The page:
Healthcare costs for retired workers cost General Motors $US1,300 for each of the 5.5 million vehicles churned out by its north American factories, well above the steel cost, The Financial Times (FT) said.

The newspaper said this is a disaster for GM, which has ended up as one of the world’s biggest healthcare providers, hurting profits.

Together with its huge pension bill, the healthcare costs are driving its strategy of cutting prices to increase sales, in order to spread the cost across more vehicles, the paper said, adding that medical inflation is running rampant, and there appears to be little GM can do to avoid it.

“It is one of the biggest issues in investors’ minds when they think about GM,” Rod Lache, auto analyst at Deutsche Bank in New York, told the FT.

Noting that Ford and DaimlerChrysler are also affected, the Financial Times said GM is the worst hit because it has more pensioners relative to its size and that is part of the reason the company chose this month to inject $3 billion of its cash pile into an employee trust to pay future healthcare costs – the move allows it to take advantage of some tax breaks on payouts, and reduces future risk.

However, the FT added, it will do little to fill the yawning gap between the funds available and GM’s healthcare bill. At the end of last year, GM’s post-retirement benefits – almost exclusively healthcare – were $51 billion under-funded. The benefits added $4.1bn to its costs last year, and are expected to cost $4.5bn this year, almost double its forecast of profits, the paper said, noting that, for investors, the big concern is that even this understates GM’s healthcare bill.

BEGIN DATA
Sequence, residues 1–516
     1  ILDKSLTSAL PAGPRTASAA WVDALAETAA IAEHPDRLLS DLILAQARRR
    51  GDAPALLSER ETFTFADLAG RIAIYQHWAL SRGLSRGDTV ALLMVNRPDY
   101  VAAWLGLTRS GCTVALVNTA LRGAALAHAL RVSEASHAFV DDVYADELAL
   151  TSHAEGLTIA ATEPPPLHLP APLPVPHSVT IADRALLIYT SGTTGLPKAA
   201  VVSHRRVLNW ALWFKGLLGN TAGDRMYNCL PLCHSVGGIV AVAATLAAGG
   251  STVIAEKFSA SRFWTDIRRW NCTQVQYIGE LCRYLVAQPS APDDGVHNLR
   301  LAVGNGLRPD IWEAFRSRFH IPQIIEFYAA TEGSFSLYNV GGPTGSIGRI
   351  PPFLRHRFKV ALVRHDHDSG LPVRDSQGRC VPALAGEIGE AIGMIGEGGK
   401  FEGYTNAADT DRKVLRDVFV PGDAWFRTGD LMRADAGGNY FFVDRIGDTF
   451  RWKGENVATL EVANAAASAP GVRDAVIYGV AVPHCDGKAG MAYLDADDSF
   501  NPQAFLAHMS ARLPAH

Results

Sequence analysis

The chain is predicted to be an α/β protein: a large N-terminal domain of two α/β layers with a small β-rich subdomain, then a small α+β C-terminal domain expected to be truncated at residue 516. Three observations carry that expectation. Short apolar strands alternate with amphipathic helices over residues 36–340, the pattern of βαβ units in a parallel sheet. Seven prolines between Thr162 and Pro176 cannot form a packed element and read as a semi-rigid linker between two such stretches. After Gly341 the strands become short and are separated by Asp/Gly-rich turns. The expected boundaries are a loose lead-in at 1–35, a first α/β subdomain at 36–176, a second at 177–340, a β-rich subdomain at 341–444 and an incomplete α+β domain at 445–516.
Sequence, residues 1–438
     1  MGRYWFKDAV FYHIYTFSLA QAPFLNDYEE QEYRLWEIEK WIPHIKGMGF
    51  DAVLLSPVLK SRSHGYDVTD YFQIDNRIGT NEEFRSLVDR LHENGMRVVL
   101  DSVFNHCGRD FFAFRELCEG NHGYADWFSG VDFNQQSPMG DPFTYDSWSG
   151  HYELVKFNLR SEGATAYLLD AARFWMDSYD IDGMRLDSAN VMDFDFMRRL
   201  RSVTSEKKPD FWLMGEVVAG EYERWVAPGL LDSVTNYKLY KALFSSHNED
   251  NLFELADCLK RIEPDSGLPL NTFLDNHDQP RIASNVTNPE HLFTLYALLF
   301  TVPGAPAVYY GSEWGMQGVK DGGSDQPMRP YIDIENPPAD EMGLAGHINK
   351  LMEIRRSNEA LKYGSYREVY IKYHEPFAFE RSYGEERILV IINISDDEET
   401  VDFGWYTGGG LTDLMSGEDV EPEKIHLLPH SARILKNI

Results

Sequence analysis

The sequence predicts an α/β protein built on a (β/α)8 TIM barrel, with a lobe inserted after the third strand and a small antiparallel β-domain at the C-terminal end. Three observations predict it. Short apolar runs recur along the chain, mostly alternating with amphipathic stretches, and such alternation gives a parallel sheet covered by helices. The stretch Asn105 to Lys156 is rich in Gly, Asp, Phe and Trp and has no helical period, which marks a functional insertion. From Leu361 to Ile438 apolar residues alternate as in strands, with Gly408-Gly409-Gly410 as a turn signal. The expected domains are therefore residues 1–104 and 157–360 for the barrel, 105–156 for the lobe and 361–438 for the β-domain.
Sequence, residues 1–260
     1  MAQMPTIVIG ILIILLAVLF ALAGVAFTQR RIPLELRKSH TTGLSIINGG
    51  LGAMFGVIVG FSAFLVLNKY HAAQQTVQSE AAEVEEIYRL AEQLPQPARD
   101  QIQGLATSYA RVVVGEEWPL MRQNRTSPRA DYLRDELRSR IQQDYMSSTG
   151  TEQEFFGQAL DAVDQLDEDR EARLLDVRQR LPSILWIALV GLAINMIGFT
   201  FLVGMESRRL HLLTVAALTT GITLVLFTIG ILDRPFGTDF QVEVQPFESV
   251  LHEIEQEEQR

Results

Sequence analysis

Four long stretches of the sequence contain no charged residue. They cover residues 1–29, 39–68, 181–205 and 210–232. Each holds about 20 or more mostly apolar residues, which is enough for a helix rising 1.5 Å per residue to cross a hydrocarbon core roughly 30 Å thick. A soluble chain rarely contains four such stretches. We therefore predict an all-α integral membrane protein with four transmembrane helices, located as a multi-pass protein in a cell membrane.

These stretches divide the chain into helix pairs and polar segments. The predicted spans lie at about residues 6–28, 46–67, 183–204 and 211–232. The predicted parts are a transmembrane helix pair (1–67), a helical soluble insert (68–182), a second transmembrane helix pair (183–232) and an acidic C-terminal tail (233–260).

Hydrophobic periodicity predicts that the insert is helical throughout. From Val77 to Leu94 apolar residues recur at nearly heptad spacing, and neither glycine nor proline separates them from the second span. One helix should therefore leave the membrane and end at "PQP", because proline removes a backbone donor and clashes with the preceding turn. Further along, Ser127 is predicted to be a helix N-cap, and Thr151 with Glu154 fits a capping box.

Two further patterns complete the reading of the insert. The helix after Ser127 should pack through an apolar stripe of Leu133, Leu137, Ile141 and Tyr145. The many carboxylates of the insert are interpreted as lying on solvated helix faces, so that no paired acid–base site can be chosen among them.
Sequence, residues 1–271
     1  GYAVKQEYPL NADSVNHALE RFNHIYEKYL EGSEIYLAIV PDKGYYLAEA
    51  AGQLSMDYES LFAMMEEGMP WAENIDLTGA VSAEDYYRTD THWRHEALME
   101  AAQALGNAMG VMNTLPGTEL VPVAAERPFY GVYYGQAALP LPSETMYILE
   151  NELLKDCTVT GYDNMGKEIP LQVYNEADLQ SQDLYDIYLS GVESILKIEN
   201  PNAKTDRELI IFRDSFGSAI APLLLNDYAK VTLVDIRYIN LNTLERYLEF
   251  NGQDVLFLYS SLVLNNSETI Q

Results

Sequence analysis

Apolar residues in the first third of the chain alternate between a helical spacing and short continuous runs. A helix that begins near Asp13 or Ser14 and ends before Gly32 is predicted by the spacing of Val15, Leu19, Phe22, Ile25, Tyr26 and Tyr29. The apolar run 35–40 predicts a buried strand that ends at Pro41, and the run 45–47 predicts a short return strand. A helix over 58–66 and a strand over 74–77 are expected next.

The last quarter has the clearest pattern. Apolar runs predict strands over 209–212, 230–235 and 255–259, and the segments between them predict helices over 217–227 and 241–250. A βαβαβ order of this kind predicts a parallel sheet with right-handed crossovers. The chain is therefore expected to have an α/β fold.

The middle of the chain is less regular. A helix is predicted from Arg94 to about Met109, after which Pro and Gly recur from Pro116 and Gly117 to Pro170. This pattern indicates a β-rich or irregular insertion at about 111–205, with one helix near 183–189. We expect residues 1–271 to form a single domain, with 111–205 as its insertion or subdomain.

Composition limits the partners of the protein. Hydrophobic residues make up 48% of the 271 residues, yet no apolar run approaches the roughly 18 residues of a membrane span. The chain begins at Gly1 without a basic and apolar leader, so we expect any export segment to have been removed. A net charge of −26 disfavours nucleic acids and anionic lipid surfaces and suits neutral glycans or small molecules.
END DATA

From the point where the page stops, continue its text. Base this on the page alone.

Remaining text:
GM chief financial officer John Devine told the Financial Times that the company has held healthcare inflation in the first half of the year to an annualised 7.1-7.2%, in line with its forecasts and already a better performance than its rivals; Ford, for example, expects an 11% increase this year.

But both companies forecast a drop to 5% annual cost rises by the end of the decade, something that has prompted Wall Street scepticism, the newspaper said.

Lache told the FT: “Why would anybody at this point in time believe that there will be a 5% inflation rate? I guess it is just hope.”

The Financial Times said the figure is more important than it appears – if long-term inflation runs one point higher than GM hopes, it will cost the company $523 million a year extra, or almost a fifth of this year’s expected group profits, and would also add $5.3 billion to the unfunded pension hole.

The Financial Times said that, for many companies the solution is simple: cut benefits. Co-pays – where workers contribute to the cost – for non-unionised white-collar staff at GM and other car makers have risen but this option is not available for the larger group of blue-collar workers, as a strike at similarly affected General Electric demonstrated.

According to the Financial Times, GM chief executive Rick Wagoner admits there is no chance of persuading unions to accept lower benefits or higher co-pays in the four-yearly contract talks currently under way and that has left him with one option: cut prices to keep production high, spreading healthcare costs across as many cars and trucks as possible.

Chevrolet drivers should toot in thanks next time they pass a hospital, the FT added.